by Alex Lee, Penn Law ’17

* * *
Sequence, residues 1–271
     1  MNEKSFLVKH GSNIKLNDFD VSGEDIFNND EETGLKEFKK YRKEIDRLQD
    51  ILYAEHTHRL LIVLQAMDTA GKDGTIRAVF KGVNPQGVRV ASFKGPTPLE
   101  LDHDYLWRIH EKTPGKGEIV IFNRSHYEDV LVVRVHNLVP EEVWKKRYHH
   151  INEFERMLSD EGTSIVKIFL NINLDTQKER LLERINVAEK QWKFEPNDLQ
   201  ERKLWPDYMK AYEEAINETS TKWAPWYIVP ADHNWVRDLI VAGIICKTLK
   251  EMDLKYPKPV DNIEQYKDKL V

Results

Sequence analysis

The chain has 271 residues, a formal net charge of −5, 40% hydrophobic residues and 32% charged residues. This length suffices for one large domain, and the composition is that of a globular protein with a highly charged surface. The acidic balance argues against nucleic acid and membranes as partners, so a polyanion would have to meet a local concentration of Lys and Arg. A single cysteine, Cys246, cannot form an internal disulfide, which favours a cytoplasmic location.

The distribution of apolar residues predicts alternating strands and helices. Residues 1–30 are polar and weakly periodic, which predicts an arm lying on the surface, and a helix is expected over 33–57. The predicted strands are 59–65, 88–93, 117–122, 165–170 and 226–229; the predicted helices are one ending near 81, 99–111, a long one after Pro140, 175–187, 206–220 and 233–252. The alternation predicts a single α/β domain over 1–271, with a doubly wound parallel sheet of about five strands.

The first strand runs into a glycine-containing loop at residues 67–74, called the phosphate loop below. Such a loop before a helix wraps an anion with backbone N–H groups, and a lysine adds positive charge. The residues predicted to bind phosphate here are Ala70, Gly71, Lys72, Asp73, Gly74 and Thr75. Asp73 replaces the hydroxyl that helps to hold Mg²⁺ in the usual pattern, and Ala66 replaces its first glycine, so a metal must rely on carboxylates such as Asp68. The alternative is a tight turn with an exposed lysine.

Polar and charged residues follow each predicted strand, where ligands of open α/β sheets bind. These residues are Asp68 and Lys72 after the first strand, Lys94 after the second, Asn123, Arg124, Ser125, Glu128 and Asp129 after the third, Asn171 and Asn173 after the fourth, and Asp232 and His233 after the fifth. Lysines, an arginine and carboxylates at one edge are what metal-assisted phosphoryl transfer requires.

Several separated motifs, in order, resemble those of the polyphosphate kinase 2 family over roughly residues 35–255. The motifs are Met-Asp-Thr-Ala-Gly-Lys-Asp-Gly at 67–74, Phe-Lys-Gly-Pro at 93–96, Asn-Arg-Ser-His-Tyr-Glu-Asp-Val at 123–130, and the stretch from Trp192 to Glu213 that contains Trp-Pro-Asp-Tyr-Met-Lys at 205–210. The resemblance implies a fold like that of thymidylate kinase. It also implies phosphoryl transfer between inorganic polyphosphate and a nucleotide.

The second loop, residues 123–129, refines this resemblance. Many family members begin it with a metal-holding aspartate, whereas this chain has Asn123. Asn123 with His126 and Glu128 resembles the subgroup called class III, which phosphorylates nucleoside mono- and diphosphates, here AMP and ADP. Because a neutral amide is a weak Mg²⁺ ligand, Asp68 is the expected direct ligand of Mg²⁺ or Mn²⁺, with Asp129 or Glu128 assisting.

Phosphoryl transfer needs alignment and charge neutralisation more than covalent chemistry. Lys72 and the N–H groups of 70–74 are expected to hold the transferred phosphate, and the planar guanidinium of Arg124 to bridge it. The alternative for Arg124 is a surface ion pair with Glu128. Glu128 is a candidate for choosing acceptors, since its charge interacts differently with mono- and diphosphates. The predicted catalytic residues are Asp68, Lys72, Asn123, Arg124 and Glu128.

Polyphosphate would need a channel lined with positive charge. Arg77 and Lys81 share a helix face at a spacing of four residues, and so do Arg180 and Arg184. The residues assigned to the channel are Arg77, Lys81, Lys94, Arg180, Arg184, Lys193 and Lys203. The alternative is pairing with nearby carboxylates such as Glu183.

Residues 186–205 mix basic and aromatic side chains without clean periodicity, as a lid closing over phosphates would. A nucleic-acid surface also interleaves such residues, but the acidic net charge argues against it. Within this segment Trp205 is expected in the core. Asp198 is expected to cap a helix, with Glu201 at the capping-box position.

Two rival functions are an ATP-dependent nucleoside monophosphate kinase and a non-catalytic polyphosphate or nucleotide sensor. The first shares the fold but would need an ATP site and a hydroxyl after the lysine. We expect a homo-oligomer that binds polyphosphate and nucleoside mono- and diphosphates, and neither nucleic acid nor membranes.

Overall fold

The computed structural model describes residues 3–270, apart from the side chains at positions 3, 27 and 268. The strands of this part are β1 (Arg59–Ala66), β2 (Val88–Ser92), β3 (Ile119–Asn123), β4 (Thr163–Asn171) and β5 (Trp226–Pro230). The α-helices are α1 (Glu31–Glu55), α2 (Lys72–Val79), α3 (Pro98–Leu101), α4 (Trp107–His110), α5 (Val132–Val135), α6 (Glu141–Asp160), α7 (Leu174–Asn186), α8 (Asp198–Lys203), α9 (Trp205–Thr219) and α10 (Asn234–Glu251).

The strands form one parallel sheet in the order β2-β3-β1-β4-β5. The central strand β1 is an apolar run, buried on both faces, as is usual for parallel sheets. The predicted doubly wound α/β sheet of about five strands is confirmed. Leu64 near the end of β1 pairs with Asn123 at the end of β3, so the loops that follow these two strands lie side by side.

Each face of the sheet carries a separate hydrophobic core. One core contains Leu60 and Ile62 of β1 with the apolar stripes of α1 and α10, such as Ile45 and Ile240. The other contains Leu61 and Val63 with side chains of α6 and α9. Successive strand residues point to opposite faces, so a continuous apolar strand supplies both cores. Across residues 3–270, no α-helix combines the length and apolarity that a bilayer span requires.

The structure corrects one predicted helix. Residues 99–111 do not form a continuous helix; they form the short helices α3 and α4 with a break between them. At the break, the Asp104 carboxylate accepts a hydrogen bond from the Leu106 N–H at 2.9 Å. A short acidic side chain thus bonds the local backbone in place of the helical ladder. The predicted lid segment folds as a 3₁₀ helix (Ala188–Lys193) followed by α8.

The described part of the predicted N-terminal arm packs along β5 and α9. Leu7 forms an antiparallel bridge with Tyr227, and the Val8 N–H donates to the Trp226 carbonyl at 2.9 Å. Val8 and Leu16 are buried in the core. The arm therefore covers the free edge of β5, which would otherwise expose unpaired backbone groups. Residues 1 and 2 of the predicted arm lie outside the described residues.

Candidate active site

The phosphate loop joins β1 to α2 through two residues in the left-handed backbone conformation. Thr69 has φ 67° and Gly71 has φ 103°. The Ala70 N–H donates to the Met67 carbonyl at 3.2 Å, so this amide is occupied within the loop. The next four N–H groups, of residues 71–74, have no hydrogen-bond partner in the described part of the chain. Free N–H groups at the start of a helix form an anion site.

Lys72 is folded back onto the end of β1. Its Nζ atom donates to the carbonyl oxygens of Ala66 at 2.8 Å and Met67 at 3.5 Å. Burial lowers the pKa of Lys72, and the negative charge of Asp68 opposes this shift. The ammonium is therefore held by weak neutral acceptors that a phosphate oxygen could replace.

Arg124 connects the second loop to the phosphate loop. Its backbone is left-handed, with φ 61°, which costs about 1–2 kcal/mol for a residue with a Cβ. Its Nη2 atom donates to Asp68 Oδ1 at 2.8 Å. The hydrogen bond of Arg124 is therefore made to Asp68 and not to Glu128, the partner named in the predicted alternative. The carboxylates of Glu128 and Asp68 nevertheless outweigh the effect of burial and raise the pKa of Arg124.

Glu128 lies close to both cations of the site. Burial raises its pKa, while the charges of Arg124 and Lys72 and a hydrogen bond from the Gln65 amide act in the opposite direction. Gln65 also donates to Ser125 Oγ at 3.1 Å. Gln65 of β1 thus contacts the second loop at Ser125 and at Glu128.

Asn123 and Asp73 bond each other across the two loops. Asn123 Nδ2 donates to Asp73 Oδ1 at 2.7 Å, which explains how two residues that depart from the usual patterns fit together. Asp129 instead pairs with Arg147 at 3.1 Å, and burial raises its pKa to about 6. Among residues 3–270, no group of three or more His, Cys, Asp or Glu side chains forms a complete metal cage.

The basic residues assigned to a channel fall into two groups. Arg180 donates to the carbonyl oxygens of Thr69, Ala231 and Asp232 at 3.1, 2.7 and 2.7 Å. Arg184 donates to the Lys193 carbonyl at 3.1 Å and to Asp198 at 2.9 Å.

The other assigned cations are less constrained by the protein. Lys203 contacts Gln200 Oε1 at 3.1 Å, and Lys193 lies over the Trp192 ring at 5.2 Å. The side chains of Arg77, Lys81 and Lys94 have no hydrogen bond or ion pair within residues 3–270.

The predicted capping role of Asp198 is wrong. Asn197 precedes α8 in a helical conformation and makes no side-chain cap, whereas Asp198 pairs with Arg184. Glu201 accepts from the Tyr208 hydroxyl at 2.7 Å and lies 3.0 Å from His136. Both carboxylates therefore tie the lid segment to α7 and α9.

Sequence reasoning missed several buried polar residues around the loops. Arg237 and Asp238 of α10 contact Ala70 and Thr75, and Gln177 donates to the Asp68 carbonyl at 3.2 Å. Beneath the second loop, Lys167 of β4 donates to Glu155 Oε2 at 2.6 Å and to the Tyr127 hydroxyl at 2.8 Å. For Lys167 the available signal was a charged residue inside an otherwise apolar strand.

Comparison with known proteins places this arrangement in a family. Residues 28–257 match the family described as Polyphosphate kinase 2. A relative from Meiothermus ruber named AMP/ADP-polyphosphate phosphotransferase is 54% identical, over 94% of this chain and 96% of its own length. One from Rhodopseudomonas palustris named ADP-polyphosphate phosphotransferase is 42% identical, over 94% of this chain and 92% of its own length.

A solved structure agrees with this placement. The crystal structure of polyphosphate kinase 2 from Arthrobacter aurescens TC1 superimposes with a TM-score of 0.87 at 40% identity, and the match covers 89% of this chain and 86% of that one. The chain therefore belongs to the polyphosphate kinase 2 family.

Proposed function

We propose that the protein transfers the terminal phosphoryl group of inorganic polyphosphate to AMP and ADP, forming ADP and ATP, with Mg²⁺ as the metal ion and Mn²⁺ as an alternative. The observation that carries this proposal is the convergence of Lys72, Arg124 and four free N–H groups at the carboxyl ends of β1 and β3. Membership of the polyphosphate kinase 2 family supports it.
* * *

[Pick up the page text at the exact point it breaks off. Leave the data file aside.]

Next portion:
By now, we’ve all heard the media recount the story of the patent troll. Patent trolls, or non-practice entities (NPE’s), are typically companies that don’t make products, but instead operate by licensing and enforcing patent rights against accused infringers. Since an NPE’s success hinges on its ability to draw profits from litigation and licensing fees, its incentives for filing claims and threatening infringement suits often do not mirror those of companies who are trying to protect their products on the market. Figures from United Patents, an organization whose goal is to reduce NPE litigation, report that 61% of all patent cases in 2014 involved NPE’s. Because litigating these suits costs billions of dollars on the economy each year, many organizations across industries and government see these suits as frivolous and burdensome on innovation. As a result, they are clamoring for changes to the system.